When Ireland was lagging behind other European nations, there were those who attributed its failure to a defect in Irish character and culture. I often commented in response to this allegation that it was remarkable how sea air seemed to change the Irish character.
Now that in a very short time Ireland’s standard of living has become the highest in Europe (save perhaps for Norway) and higher than that of the other island to the east, some Irish critics are finding fault with their countrymen again. Community cooperation, religious devotion and faith, generosity and concern for the poor are all deteriorating, we are told, and secularism and moral relativism dominate the country. We were better humans when we were poor.
The Blindness of Self-hatred
I sat and listened to this stuff (a euphemism for two other words) at a dinner recently at a major Irish university until I could stand no more. “I’ve had it with your sickening (a euphemistic participle) Irish self-hatred. Poverty is only good when it is voluntarily embraced.”
In ecclesiastical circles this self-hatred blames education and prosperity for the “secularization” and loss of faith in Ireland. The implicit assumption of such an allegation is that if the church had been able to keep the Irish poor and uneducated, Ireland would still be a Catholic country. That excuse may be half true, but it misses the point. Education has taught people to think. For those who value the old Ireland and the old Catholicism, that may have been a mistake.
As my colleague Mark Chaves has argued, “secularization,” if it means anything at all, means that organized religion has lost its power to impose unquestioned rules on the behavior of its members. Religious leaders are reduced from commanders who issue orders to teachers who must listen and try to persuade. It is a transition that is not without its difficulties, though one might argue that, in fact, the religious leader who is skilled at the arts of listening and persuading may have more power than the absolute leader who need only make decisions and give orders. Perhaps the turning point in this transition in the Catholic world was the birth control encyclical (Humanae Vitae, 1968).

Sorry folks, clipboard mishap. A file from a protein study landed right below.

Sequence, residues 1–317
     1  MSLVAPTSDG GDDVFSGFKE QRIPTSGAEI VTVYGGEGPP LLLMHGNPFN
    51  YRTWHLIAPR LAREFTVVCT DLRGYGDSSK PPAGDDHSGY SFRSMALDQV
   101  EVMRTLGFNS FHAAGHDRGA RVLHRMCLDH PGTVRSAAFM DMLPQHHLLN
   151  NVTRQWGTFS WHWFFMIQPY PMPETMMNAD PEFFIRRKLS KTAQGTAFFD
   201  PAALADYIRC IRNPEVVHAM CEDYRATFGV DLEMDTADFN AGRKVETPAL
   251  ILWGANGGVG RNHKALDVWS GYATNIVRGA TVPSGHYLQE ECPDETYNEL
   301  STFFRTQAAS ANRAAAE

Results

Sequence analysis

Loss of Faith or of Blind Obedience?
People do not lose their faith or their religion in this kind of secularization. Rather, they lose their willingness to accept the apodictic rules of church authority. Work that Msgr. Conor Ward of University College Dublin and I did on religion in Ireland over the last four decades shows that the Irish are still Catholic, but now on their own terms. You cannot be Catholic on your own terms, the leaders say; you must be Catholic on our terms. Sorry lads, those days are gone forever. You should have protected your flock from higher education if you expected that to continue to work.
Yet the clergy persist in their propensity to blame the laity for their lack of faith and the overarching power of “secularization” and “relativism,” platonic labels for disembodied forces and energies that circulate around in the atmosphere and take possession of human souls. It would be more accurate—and more honest—to blame this so-called “decline in faith” on higher education.
Could the Church Be at Fault?
An alternative and dangerous strategy is to ask whether the church and its leadership might be responsible in part for the alienation of its followers. Did the sexual abuse crisis and the leadership’s shameful response to the crisis damage our credibility, perhaps permanently?
Is it possible for men who perceive themselves as sharing in the charism of infallibility to permit themselves the question: “Might we be part of the problem? Might we have caused by our style and our mistakes the very problems we are railing against?” Not many churchmen are asking that question of themselves on the public record these days.
One who does is Archbishop Diarmuid Martin of Dublin. Responding to those who lament the prosperity of the Irish people, he crosses the border from those who blame the laity and blame society to those who are willing to raise the question of blame for the structures of the church.
Others will say to me that is precisely the style of prosperity created within the European Union that has brought a climate of materialism and rejection of Christian values. For me, taking huge sectors of the European population out of poverty and precariousness is an achievement about which the Christian must only rejoice.
His next sentence is a response to the “blame the laity” mentality that currently paralyzes the church everywhere:
If such prosperity has been accompanied by a change in belief patterns within the E.U., then this may be due to a lack of dynamism in the churches’ own pastoral structures for evangelization in a cultural climate that is changing, just as much as a result of the economic prosperity fostered by the E.U.
Or as I would put it in far less graceful words than Archbishop Martin, “For the love of God—quite literally—shut up and listen!”
A Challenge Not Only for the Irish
I have described this as a situation in Ireland, since Irish prosperity has taken a beating in some recent articles in this journal. Patently the “loss of faith” in Ireland (or “secularization” of Ireland) is paradigmatic of a problem that exists in the West, in the East, and in the South—in Poland and Nigeria as well as in Ireland and in this land across the seas, which some Irish seafarers once called Great Ireland.
Like I say, shut up and listen.